“They have helped us save much more and created a cohesive plan to de-risk whilst building an integrated pension team.”
“They are very proactive and full of new ideas, they've brought better scheduling and better minute sets.”
“Mike is a great secretary. He does a really good job for us.”
“They deliver above expectation when the scheme has a particular challenge.”
“PSIT offered the right support at very short notice, at reasonable cost, when we really needed it”
“Ian has added more value than we thought he would at the start… which shows it pays to go with someone who is doing the job of a professional trustee as their bread and butter.”
In a recent consultation paper, the Pensions Regulator (tPR) put forward a revised description of a professional trustee, but carved ‘independent trustee’ out from that description. This concerns me.
If the description of a professional trustee is being prescribed, so should that of an independent trustee. I would argue anyone holding themselves out as an independent trustee and charging for their services must come within the definition of professional trustee and be held to higher standards. It is the category of so called independent trustees that potentially needs more regulation.Former employee trustees – are they professionals?
There are many instances where former company executives are appointed pension trustees, are paid for their role and hold themselves out as an ‘independent trustee’. These individuals would argue they are not professional trustees under the Regulator’s proposed description. However, in this situation, the trustee board and pension scheme sponsor usually feel they have appointed a knowledgeable, professional trustee to the board and therefore would not benefit from also appointing a ‘professional’ pension trustee (who would be better placed to help them raise governance standards).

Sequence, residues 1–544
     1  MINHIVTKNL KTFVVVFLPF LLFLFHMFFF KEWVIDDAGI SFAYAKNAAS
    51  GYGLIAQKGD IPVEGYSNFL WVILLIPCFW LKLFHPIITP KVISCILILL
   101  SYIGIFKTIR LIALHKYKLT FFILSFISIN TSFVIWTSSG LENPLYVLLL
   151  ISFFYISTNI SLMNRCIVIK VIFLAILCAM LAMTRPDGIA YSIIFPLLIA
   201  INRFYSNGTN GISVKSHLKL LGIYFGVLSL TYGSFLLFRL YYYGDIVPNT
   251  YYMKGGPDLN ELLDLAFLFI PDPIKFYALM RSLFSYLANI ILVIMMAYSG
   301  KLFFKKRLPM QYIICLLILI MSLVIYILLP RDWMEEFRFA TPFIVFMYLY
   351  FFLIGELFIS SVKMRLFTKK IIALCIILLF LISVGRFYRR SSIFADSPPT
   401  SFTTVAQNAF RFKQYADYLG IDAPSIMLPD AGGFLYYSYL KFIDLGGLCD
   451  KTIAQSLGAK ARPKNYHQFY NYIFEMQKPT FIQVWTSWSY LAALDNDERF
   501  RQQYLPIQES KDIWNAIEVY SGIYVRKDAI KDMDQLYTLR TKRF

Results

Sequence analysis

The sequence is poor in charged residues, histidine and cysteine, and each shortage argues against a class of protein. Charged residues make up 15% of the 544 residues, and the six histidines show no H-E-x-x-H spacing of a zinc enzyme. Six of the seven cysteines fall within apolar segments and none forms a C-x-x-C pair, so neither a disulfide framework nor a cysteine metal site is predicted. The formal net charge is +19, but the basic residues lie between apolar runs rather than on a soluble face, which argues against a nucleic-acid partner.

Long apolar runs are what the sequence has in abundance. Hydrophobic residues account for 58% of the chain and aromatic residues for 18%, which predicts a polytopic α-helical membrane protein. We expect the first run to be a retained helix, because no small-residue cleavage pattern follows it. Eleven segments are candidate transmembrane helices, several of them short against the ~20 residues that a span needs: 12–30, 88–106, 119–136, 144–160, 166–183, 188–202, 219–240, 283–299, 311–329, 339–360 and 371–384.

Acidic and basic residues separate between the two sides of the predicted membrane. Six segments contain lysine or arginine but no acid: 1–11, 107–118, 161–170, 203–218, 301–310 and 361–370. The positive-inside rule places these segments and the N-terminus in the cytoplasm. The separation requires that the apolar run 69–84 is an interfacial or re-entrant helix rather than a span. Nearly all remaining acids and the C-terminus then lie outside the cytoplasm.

These ‘former employee’ trustees are often believed to be independent by the board and/or sponsor but, in reality, many are not really independent when they still have close relationships with company board members or senior executives. In the eyes of those making the appointment, they are often equivalent to a professional pension trustee.Who should face higher monetary penalties?
I agree with tPR that professional trustees should be held to a higher standard of care and, if they were complicit in any breach leading to a fine, the size of the fine should generally be higher. However, tPR also said: “A trustee who is remunerated (beyond their necessary expenses) may or may not come within our description of a professional trustee”.
I would argue any ‘independent trustee’ who is charging for their trustee services should be held to account for higher standards than lay trustees.
Perhaps a good way to track this is via the pension Scheme Return. tPR currently monitors whether a scheme has a professional trustee on this document. I suggest ‘independent trustee’ is added as another category, along with a question asking if they are remunerated for their role. If the answer to both questions is yes, they should be treated the same as a professional trustee.